Improvement in thin cirrus retrievals using an emissivity-adjusted CO2 slicing algorithm


  • Hong Zhang,

    1. Cooperative Institute for Meteorological Satellite Studies, Space Science and Engineering Center, University of Wisconsin-Madison, Madison, Wisconsin, USA
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  • W. Paul Menzel

    1. Office of Research and Applications, National Oceanic and Atmospheric Administration National Environmental Satellite Data and Information Service, Madison, Wisconsin, USA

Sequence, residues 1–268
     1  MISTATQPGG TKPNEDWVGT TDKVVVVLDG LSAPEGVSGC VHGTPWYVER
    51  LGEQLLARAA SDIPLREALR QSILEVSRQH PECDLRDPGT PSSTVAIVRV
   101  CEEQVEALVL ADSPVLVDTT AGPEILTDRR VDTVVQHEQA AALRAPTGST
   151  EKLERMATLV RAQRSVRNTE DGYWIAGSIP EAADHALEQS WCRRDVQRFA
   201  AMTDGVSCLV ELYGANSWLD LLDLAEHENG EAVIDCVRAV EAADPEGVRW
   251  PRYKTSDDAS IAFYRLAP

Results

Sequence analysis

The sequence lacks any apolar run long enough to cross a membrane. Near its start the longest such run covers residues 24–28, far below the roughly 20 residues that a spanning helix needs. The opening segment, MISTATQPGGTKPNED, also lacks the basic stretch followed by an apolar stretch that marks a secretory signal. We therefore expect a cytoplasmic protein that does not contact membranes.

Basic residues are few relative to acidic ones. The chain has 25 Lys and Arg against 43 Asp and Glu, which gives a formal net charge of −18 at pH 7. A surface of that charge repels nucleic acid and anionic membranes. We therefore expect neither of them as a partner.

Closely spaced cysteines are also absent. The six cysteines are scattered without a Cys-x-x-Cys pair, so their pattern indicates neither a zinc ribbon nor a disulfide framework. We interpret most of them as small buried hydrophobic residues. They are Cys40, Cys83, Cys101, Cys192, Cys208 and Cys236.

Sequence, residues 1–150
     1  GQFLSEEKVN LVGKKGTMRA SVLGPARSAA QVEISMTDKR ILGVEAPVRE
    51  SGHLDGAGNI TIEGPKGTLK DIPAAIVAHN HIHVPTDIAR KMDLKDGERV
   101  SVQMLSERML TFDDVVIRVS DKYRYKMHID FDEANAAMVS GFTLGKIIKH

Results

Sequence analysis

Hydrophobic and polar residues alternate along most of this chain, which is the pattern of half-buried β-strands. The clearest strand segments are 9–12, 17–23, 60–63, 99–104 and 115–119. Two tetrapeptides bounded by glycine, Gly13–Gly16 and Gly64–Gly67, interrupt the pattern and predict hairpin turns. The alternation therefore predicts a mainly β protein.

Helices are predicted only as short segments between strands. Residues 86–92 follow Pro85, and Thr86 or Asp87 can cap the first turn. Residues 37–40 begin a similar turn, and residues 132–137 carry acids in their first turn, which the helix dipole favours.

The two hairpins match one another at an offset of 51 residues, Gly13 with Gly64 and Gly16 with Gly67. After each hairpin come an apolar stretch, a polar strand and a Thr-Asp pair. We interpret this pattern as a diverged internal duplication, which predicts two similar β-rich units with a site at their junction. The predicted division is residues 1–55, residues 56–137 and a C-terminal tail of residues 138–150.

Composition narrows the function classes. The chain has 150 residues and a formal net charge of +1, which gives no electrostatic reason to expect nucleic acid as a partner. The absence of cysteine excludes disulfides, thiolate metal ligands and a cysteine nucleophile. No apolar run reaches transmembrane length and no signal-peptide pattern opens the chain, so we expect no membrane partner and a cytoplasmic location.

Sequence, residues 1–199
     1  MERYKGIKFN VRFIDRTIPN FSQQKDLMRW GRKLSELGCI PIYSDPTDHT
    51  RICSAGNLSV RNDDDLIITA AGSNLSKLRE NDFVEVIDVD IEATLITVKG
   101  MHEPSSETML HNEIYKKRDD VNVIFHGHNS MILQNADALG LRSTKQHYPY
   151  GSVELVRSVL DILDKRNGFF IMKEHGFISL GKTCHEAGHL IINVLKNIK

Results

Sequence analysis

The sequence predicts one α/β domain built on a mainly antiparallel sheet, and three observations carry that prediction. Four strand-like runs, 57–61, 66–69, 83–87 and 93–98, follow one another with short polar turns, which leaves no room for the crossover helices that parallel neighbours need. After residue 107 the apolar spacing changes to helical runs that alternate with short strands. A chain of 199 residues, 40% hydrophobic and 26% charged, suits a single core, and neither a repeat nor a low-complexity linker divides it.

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[1] CO2 slicing has been generally accepted as a useful algorithm for determining cloud top pressure (CTP) and effective cloud amount (ECA) for tropospheric clouds above 600 hPa. To date, the technique has assumed that the surface emissivity is that of a blackbody in the long-wavelength infrared radiances and that the cloud emissivities in spectrally close bands are approximately equal. The modified CO2 slicing algorithm considers adjustments of both surface emissivity and cloud emissivity ratio. Surface emissivity is adjusted according to the surface types. The ratio of cloud emissivities in spectrally close bands is adjusted away from unity according to radiative transfer calculations. The new CO2 slicing algorithm is examined with Moderate Resolution Imaging Spectroradiometer (MODIS) Airborne Simulator (MAS) CO2 band radiance measurements over thin clouds and validated against Cloud Lidar System (CLS) measurements of the same clouds; it is also applied to Geostationary Operational Environmental Satellite (GOES) Sounder data to study the overall impact on cloud property determinations. For high thin clouds an improved product emerges, while for thick and opaque clouds there is little change. For very thin clouds, the CTP increases by about 10–20 hPa and RMS (root mean square bias) difference is approximately 50 hPa; for thin clouds, the CTP increase is about 10 hPa bias and RMS difference is approximately 30 hPa. The new CO2 slicing algorithm places the clouds lower in the troposphere.